Employee Record Cards, Part II

In our last blog post we talked about the employee records cards that we encountered this summer.  Here is a blog post from University of Maryland anthropology major Katie Chen, who has been working on this difficult project all semester. I asked Katie to talk about her working process:

Hi! My name is Katie Chen and I am a sophomore at the University of Maryland, College Park. I am currently studying Anthropology, but recently got interested in archaeology. During my freshman fall semester I studied abroad in London and took a course called Social Anthropology of Britain. During this semester, I started some ethnographic research on the London black cabs, learning about the cab business and the changing geography of London through interviews with the drivers.  This experience confirmed my interest in ethnographic research and anthropology. Someday I hope to return to London to continue what I started.

Recently, having become interested in archaeology, I decided to help Mike on his research on the Lattimer Massacre. I am currently making a database of miner employee records cards. My strategy has been to go through the cards and make an initial attempt at deciphering the handwriting.  After a couple days, I will go back to the cards and read them again. This method has worked almost every time, but some cards need more review time.

On several occasions, I’ve tried to look online to see if there is a name for the type of script used then.  I have not been successful yet, but I’ve been able to look at specific examples, and get an idea of what the letter could be.  Inputting data is rather tedious and can be frustrating, as I have spent more than 30 minutes looking at one card because I can’t read the names or locations. When entering data on locations, I will sometimes look up on Google if my spelling version comes up with any additional spellings. This has worked a couple times, which has been exciting. Otherwise, I will have to go back to taking a break for a couple of days and coming back to the cards.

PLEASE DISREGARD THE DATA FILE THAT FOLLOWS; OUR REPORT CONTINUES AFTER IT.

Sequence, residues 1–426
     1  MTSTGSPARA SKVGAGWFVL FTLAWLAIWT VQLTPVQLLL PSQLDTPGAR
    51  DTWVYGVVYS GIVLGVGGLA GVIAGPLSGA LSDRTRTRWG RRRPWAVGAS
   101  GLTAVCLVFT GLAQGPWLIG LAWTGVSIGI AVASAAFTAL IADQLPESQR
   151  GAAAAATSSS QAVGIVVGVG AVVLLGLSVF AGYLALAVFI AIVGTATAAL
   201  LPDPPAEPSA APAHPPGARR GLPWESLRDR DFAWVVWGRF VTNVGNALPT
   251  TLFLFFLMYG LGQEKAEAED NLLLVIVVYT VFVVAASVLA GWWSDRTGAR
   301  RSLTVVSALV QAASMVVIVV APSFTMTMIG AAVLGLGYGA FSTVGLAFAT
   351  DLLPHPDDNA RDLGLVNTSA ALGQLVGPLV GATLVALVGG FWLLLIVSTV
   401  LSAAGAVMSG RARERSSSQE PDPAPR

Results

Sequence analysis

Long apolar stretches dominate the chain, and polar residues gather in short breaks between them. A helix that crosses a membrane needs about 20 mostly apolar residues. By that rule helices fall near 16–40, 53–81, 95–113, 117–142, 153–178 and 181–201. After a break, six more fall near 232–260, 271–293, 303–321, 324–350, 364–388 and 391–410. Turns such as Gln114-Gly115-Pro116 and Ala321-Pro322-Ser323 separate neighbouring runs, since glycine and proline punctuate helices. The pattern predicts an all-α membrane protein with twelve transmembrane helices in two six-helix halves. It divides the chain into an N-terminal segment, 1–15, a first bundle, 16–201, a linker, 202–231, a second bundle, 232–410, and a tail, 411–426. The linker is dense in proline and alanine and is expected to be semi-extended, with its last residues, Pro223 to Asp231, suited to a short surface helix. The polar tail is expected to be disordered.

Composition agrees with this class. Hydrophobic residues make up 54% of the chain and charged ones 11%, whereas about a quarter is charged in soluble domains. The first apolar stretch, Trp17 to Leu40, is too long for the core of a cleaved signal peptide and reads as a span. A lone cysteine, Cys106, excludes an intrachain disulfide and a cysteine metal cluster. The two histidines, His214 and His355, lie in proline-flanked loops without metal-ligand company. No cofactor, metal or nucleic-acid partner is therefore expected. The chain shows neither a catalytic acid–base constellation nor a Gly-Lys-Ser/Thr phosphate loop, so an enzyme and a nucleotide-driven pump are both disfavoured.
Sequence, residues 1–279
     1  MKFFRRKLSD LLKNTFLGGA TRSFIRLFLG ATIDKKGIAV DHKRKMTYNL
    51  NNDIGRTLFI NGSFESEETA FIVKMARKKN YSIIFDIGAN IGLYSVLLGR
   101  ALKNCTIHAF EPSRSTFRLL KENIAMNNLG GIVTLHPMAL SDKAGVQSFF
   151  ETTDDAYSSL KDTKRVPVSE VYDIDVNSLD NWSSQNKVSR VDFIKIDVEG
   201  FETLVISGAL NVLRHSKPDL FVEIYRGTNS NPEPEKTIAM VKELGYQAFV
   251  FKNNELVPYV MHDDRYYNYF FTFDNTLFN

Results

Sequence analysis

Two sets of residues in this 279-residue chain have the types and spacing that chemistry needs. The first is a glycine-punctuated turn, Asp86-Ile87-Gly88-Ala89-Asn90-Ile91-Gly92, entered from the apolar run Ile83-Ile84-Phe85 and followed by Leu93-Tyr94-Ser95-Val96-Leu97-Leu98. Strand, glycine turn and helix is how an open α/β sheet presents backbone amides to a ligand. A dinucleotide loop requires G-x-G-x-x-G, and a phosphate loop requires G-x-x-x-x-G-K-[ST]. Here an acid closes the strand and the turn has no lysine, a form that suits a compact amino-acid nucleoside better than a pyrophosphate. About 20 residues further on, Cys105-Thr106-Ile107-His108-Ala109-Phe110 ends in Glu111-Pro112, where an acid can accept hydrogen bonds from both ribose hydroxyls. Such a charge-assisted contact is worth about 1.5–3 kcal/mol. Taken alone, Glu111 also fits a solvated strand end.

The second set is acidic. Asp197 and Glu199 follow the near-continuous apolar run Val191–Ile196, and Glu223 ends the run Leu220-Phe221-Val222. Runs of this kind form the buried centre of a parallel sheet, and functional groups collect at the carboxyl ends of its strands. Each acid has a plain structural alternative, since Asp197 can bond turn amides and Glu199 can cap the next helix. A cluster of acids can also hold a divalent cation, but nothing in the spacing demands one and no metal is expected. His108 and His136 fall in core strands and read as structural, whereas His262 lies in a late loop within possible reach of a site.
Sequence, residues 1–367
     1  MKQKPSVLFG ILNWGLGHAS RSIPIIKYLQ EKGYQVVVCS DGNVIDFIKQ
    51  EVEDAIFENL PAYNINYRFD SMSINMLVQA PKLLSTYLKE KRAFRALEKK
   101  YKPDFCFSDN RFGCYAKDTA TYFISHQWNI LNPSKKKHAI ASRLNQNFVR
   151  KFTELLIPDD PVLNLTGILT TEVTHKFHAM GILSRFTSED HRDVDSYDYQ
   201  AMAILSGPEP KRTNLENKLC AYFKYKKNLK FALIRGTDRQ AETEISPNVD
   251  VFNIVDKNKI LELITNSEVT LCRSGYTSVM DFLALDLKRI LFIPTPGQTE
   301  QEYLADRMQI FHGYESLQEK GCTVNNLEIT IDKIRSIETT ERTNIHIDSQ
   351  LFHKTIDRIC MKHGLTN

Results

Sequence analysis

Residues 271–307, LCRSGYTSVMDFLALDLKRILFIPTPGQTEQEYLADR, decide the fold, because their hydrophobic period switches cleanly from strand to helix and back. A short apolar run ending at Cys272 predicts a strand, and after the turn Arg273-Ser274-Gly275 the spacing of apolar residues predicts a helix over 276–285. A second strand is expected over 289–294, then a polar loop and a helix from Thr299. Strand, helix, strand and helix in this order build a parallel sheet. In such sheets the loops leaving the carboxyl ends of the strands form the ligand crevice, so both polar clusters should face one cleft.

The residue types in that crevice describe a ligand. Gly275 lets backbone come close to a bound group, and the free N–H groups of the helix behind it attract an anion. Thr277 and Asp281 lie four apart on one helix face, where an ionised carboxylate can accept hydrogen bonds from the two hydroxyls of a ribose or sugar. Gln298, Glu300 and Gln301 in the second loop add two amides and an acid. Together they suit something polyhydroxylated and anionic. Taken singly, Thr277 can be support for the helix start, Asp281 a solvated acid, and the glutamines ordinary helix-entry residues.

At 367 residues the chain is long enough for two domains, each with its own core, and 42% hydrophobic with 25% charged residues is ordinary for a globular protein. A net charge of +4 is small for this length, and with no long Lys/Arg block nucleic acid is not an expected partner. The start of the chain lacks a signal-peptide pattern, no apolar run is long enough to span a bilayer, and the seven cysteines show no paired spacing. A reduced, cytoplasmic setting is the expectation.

In addition to this project, I am researching what religious or spiritual beliefs miners might hold across the globe. After reading articles about conditions in the mines and hearing stories, I wondered if there was any belief that propelled the miners to endure such harsh conditions.  The mines are extremely dangerous and miners risk their lives and health every time they go down. With this side project, I would like to find out if the conditions of mining are similar worldwide and if there are any religious, spiritual, superstitious attitudes consistent across them.

Employee Record Cards

One of the most exciting research sources we found this summer are employee record cards from the Lattimer Coal Company.  These cards span the early twentieth century, in the period after the massacre and the Big Strike of 1902. There are 2,685 cards in total.  They contain a huge amount of information about each employee including name, date of employ, age, nationality, country of birth (not always same as nationality), church, doctor, occupation, wage rate, and whether they have a miner’s certificate. Some cards include  the word  “Dead” scrawled across the front of the card. Some of these include notes on the back describing the cause of death for miners.  Other notes include health issues identified by the company doctor.

An example of a card can be seen here.  The name on the card is Manus Gallagher, Jr., a resident of 799 Alter Street.  He was born in Lattimer, PA in 1900.  He began work at the colliery on the July 7th, 1917. He attended a Roman Catholic Church. The collection also includes a card for Manus’ father, who appears to have been killed in the mines.

We are in the process of transcribing all of the data on the cards to a searchable database.  We hope to present it to the public.  Ideally, members of the public could add details, stories and photographs of their family members to the project. In the next post, student Katherine Chen will describe a bit about the process of  transcribing the cards,a project she has taken on for the semester.  We will also report on a visit to Lattimer we made this past week and the discoveries we made.